Former GOP Judge Protects Financial Blacklister Patreon from Lauren Southern’s Arbitration Claim

Lauren Southern
Lauren Southern/YouTube

A former Republican-appointed judge in California protected Patreon, known for financially blacklisting its customers, from a lawsuit brought by one of the first prominent users banned from the platform, Lauren Southern, falsely branding the documentary filmmaker “alt right” in the process.

According to Patreon’s own legal agreement with its users, any arbitration brought against the company by its users will be considered consumer arbitration. Consumer arbitration allows consumers to bring lawsuits against corporations without facing the kind of crippling legal fees of corporate arbitration cases.

ANAHEIM, CALIFORNIA – JULY 12: CEO of Patreon Jack Conte attends VidCon 2019 at Anaheim Convention Center on July 12, 2019 in Anaheim, California. (Photo by Jerod Harris/Getty Images)

Popular right-wing personality Lauren Southern

Popular conservative personality Lauren Southern (Lauren Southern)

However, the arbitrator in this case, former Republican-appointed judge for the Superior Court of Alameda County, California, Robert Freedman, overrode Patreon’s own terms of service and recommended that Southern be considered a non-consumer. Judicial Arbitration and Mediation Services went ahead with this recommendation, effectively ending the case.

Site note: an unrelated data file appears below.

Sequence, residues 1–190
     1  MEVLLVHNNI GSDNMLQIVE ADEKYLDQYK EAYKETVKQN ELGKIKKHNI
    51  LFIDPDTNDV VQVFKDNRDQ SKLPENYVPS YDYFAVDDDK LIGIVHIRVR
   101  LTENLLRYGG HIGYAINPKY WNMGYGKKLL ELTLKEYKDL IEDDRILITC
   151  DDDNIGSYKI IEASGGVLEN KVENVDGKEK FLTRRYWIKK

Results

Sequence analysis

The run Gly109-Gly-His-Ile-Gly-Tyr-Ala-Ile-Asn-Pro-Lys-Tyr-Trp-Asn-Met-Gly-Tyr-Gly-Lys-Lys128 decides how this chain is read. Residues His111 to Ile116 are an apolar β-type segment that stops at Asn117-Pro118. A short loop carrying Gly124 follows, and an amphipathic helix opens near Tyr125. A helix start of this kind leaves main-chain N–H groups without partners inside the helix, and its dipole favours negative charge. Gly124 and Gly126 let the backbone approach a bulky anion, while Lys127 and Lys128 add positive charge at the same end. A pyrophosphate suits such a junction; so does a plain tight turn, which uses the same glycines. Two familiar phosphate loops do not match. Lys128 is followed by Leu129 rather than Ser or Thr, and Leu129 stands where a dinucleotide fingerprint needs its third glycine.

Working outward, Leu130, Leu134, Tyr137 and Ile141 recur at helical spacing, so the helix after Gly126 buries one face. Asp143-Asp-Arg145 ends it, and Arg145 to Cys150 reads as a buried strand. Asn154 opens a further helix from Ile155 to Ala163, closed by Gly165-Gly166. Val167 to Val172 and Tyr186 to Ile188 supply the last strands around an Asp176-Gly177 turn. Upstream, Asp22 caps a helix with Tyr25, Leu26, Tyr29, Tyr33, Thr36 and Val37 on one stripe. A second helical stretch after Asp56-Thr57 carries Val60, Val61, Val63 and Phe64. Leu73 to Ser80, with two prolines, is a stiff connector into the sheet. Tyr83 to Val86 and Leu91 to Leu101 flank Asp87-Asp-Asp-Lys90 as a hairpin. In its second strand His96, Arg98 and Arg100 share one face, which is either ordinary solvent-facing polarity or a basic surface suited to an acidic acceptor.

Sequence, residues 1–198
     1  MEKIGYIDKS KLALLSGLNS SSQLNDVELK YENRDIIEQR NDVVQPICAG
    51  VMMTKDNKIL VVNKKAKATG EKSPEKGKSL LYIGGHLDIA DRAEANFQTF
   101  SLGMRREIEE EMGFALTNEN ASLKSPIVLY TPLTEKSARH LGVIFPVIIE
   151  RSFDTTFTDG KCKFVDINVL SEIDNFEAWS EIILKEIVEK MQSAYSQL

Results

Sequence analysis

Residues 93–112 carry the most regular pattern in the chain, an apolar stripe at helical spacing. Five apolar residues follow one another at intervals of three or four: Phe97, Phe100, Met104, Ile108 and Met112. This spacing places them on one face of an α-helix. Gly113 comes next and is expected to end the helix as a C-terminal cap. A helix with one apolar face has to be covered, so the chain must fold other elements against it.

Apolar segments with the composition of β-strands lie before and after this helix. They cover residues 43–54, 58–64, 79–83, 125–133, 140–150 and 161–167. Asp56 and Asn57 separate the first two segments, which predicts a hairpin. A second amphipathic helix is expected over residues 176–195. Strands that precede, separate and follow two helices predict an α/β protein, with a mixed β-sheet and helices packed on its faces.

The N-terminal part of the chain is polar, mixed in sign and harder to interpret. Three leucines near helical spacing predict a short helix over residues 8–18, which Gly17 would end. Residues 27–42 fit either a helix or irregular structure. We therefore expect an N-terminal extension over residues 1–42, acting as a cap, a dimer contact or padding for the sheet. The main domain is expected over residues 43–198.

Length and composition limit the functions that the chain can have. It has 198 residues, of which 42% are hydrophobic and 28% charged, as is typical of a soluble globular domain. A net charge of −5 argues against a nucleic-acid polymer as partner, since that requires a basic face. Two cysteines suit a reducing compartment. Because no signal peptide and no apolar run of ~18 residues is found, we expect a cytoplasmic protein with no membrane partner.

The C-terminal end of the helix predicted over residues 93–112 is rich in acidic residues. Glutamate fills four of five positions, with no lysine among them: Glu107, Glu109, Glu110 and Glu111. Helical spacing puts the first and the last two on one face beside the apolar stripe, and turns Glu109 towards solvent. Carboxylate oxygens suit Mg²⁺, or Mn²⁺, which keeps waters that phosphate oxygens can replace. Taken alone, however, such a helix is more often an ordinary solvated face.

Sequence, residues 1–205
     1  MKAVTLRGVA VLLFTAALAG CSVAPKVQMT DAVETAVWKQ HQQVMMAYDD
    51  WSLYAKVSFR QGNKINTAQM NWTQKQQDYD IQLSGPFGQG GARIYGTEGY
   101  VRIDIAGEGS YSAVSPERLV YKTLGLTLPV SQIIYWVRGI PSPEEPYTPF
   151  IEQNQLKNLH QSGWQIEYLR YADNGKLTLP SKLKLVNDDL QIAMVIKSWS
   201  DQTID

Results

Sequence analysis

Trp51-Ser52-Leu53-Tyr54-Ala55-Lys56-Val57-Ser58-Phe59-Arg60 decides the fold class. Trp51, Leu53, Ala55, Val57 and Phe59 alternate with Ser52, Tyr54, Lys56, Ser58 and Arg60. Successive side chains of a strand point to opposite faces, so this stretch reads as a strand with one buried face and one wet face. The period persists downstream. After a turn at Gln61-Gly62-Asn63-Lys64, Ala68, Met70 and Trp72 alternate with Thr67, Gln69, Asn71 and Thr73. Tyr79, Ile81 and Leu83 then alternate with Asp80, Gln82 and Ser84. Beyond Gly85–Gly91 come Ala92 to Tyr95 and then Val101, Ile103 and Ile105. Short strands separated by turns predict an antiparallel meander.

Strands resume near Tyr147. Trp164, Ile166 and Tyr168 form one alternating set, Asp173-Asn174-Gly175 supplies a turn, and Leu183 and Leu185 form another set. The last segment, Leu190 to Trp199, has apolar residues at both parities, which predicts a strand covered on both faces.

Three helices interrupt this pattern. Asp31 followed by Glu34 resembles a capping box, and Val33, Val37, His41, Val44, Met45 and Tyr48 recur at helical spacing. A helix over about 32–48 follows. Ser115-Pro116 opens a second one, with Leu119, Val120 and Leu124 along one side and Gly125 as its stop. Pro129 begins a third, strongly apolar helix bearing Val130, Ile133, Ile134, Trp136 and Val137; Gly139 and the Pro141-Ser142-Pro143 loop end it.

In a video posted to her YouTube channel on Wednesday, Southern said that the arbitrator also branded her “alt-right.”

“Totally counter to the expected conduct within the legal profession, the arbitrator felt the need to refer to me as ‘alt-right’ in his judgment, a completely inaccurate title which had no relevance whatsoever to a contractual dispute between two parties,” said Southern.

The case was fought by lawyers Marie Fiala and Andrei Popovici. In a comment to Breitbart News, Fiala said that the decision by the arbitrator denied their client due process.

“We believe Lauren has a strong legal argument that Patreon failed to exercise reasonable care when it deplatformed her,” said Fiala. “They did so without notice, basing their decision on demonstrably false information and giving her no opportunity to defend herself.”

“According to their own terms of use, Patreon both mandated that user disputes be arbitrated rather than going to court, and promised to treat users as consumers. That meant Patreon, and not the user, would pay the potentially tens of thousands of dollars in arbitration fees.”

“In Lauren’s case however, at Patreon’s urging, the arbitration firm refused to treat her as a consumer. That meant that, if Lauren wanted to pursue her claim, she would have to pay half the arbitration fees. Like most other Patreon users, that was financially impossible for Lauren. In effect, Patreon and the arbitrator denied Lauren any opportunity to have her claims heard, violating her contractual and basic due process rights.”

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